As a decidedly non-numbers guy, I always love discovering new stats that people have slaved over that try and impart us with a certain amount of knowledge that was lacking. People have been generating advanced stats for decades (I'm sure that at one time field goal percentage was considered an advanced stat), but in basketball the adequate all-in-one stat has remained elusive.
Unlike baseball, basketball is not a series of one-on-one matchups but a team sport where success on both ends of the floor rely not only on individual talent but also the talent, communications and execution of your teammates. For a long time PER has been considered the gold standard of advanced basketball stats, but ever since it's creator John Hollinger left ESPN for a front office post with the Memphis Grizzlies, I've been waiting for the site to move on from PER and explore something else.
Well, that something else is here and it is called Real Plus-Minus. Most fans are familiar with the basic plus-minus stat. Credit when you're on the floor and your team scores more points than the opponent. Blame when your on the floor and your team scores less than your opponent.
It's of limited usefulness because it is heavily dependent on who you share the floor with.
I'll let ESPN take it from here.
It follows the development of adjusted plus-minus (APM) by several analysts and regularized adjusted plus-minus (RAPM) by Joe Sill.
RPM reflects enhancements to RAPM by Engelmann, among them the use of Bayesian priors, aging curves, score of the game and extensive out-of-sample testing to improve RPM's predictive accuracy.
The RPM model sifts through more than 230,000 possessions each NBA season to tease apart the "real" plus-minus effects attributable to each player, employing techniques similar to those used by scientific researchers when they need to model the effects of numerous variables at the same time.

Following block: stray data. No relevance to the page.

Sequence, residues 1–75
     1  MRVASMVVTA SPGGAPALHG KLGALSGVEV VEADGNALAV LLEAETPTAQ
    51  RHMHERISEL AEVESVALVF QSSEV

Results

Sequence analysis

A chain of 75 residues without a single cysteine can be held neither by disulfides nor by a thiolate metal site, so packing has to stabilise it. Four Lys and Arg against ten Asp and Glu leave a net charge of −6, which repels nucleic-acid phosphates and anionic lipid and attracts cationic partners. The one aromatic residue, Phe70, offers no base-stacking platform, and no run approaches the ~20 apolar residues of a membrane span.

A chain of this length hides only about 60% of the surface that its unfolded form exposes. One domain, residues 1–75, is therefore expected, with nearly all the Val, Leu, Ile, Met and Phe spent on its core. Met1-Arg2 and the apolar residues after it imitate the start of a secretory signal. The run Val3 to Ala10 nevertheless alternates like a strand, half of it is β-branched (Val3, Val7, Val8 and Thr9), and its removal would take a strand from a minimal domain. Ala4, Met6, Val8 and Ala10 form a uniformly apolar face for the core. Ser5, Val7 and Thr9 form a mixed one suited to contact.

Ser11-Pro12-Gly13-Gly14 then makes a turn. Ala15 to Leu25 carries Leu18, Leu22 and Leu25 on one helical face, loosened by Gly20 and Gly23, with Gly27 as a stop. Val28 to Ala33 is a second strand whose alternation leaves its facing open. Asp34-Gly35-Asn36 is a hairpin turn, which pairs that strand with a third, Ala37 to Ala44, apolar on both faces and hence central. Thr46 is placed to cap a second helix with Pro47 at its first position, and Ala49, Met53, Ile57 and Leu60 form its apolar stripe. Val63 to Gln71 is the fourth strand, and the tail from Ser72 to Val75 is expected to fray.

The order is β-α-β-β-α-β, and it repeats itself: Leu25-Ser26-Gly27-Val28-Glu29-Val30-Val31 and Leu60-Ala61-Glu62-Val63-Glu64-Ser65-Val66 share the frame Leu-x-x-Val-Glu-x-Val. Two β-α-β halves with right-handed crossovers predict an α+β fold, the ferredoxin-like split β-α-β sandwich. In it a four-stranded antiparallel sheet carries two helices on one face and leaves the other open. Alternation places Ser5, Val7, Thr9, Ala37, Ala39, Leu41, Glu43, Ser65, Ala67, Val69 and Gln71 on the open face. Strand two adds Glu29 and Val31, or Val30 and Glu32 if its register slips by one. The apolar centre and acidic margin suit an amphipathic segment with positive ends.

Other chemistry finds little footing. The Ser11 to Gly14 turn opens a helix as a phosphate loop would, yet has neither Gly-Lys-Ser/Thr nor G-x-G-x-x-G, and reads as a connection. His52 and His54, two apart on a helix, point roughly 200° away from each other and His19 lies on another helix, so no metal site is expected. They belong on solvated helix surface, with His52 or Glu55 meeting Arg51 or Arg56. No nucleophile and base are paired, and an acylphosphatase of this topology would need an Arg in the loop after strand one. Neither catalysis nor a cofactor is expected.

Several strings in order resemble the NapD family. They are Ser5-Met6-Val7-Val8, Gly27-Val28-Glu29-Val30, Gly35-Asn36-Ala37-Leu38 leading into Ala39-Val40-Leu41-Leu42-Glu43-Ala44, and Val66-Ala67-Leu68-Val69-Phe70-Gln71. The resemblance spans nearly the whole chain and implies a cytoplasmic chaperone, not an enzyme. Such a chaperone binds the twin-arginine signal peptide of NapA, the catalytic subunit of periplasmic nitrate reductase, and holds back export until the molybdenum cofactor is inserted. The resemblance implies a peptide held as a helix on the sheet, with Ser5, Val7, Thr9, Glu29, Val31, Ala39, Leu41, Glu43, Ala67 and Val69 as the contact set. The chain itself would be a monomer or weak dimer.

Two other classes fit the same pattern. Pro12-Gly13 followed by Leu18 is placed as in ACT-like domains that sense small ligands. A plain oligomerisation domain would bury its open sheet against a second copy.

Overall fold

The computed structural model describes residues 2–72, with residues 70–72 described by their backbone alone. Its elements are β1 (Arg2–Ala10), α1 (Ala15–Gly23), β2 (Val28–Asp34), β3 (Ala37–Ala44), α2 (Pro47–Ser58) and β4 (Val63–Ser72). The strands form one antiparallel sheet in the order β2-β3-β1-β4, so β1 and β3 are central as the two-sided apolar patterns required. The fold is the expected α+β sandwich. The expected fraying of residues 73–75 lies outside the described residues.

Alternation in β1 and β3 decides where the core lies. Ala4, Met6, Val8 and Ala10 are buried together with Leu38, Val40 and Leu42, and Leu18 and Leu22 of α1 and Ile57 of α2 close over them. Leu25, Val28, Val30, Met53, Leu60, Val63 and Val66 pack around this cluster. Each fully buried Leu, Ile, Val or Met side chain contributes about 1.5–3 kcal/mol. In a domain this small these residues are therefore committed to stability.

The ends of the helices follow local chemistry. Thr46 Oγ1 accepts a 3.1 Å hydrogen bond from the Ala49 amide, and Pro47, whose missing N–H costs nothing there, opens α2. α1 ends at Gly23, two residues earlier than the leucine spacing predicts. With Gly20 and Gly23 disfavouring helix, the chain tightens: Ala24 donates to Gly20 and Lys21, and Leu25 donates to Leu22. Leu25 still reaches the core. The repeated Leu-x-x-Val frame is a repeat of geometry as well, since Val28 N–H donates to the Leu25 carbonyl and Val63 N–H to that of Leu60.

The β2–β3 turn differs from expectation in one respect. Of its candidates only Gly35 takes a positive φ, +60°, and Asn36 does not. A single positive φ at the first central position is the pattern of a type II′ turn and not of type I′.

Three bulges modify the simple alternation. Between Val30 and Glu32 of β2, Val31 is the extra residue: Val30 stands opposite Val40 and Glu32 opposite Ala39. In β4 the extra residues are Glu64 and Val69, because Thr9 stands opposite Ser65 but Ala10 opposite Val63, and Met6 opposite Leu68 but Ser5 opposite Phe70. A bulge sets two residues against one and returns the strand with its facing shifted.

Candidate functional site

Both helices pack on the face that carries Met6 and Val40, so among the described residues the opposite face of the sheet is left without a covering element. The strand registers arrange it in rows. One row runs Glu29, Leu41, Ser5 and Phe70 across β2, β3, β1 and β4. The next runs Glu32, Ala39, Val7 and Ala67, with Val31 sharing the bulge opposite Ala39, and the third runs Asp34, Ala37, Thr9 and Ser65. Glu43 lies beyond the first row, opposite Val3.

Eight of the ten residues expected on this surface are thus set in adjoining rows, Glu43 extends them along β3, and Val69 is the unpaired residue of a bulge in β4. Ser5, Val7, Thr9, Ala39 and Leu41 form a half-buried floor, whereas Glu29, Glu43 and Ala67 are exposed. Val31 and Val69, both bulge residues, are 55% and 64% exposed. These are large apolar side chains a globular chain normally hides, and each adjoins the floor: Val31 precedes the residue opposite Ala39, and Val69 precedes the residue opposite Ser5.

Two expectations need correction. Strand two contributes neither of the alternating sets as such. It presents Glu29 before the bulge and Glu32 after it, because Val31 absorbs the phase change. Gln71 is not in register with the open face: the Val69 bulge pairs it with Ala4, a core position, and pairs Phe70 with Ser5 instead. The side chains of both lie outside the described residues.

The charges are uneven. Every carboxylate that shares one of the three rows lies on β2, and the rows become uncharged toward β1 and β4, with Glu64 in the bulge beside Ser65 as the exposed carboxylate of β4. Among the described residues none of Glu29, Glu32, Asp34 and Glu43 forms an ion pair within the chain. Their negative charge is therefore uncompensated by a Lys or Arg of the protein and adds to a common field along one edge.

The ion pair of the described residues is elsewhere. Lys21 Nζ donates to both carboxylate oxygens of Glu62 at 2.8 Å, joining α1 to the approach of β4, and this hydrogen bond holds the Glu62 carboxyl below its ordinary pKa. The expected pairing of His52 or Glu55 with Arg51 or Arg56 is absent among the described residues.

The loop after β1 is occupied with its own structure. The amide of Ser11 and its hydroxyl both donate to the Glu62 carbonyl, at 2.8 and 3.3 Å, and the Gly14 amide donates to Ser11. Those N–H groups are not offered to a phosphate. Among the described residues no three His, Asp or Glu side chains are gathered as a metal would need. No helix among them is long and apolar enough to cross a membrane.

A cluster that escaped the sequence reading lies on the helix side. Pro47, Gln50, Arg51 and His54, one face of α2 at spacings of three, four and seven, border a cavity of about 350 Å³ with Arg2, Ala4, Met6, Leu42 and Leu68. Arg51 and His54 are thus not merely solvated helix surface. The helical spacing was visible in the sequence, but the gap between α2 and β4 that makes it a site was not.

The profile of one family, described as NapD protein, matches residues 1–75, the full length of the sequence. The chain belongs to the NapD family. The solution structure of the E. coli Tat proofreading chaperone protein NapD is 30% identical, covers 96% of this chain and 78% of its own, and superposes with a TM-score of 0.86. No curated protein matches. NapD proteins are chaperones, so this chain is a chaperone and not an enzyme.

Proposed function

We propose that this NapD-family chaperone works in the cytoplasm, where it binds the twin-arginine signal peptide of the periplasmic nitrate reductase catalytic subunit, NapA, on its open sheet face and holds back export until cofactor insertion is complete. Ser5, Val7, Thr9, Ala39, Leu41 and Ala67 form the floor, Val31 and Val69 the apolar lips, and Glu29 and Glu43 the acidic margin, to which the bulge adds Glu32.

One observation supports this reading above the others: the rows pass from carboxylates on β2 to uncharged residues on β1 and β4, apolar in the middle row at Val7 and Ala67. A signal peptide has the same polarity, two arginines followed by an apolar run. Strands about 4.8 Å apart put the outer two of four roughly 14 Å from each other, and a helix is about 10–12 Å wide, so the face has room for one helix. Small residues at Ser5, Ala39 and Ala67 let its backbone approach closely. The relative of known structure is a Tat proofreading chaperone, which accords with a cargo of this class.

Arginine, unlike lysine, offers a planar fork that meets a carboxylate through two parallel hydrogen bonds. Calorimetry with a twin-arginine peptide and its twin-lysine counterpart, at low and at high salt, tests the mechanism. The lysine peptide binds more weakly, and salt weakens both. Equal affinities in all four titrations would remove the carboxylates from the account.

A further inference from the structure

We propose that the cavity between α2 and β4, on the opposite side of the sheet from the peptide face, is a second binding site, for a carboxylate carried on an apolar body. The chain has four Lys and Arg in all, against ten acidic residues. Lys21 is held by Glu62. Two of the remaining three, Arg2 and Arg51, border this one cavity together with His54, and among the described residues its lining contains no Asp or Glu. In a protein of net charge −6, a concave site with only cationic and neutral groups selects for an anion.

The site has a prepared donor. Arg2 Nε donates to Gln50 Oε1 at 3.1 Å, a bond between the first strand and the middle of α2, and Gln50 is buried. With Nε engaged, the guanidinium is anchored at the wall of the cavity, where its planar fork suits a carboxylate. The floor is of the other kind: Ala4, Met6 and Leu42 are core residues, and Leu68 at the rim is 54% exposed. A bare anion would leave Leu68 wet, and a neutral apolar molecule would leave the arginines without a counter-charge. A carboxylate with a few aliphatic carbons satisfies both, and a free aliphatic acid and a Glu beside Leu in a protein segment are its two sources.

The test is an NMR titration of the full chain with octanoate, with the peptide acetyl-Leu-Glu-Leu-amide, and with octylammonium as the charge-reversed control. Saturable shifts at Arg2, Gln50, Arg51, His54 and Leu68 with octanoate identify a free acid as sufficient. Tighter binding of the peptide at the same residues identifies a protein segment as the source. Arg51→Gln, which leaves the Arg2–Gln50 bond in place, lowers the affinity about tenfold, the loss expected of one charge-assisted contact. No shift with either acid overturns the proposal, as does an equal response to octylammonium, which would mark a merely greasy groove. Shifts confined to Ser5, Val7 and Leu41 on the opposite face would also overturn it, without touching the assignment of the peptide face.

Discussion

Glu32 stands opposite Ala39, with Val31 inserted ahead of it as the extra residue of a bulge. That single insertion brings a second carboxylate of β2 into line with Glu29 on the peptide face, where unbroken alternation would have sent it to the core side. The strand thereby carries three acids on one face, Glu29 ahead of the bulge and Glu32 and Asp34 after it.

RPM estimates how many points each player adds or subtracts, on average, to his team's net scoring margin for each 100 possessions played. The RPM model also yields separate ratings for the player's impact on both ends of the court: offensive RPM (ORPM) and defensive RPM (DRPM).
Problem No. 1. The stat, like PER, seems proprietary, so there is no way to look into it's guts and see if it passes the smell test much less the rigors of scientific analysis. All we have are the results, and as a Pistons fan, the results mean either this stat is instantly discredited or I know much less about the team I watch every single day than I had previously believed (very possible!).
First, the stat is not adjusted for minutes played so much like PER, you have to see if, say, Matt Bonner is really a top 50 player this year or if 11 minutes over 58 games is enough information to really know anything. Second, even accounting for Andre Drummond's defensive struggles this year, I can't fathom a stat that tells me that Andre Drummond is a net negative on the basketball court and the 172nd ranked player in the NBA. While at the same time Josh Smith is ranked 76th overall and the second highest-rated Pistons player behind Greg Monroe.
Unfortunately, ESPN's other advanced stat, their version of WAR, fares even worse. In WAR Smith is ranked No. 38 in the NBA at 7.41 WAR while Drummond ranks No. 107 with 3.01. The mind boggles.
For your convenience I've listed the Pistons RPM numbers and ranks along with WAR and Wins Produced, which is not an ESPN stat, but is the preferred all-in-one stat of many around Detroit Bad Boys, including writers Ben Gulker and Kevin Sawyer. They're smarter than I am so I'll let them speak to its efficacy.
|Player||O RPM||D RPM||Overall RPM||RPM Rank (sorted)||WAR||WAR Rank||Wins Produced||WP Rank|
|Median NBA Player||-0.91||0.14||-1.26||217||0.57||217||1.2||250|
A few more reactions. I'm fascinated how these catch-all stats vary so wildly among the same players, especially regarding Smith and Brandon Jennings. RPM says the team's biggest problem might lie at the hands of it's no-defense point guard, while saying the relentless long-range chucker actually makes up for that flaw and is the second most-valuable player on the team. WAR is much the same. Meanwhile, Wins Produced says that Jennings is actually and above average player while Smith is among the worst in the league.
Also, I think if we consider today's NBA game a point guard's league (which I do), then the Pistons record makes a whole lot more sense. Thanks Jennings, Bynum, Billups, and to a lesser extent Stuckey.
What say you, Detroit Bad Boys community? What is your go-to stat these days?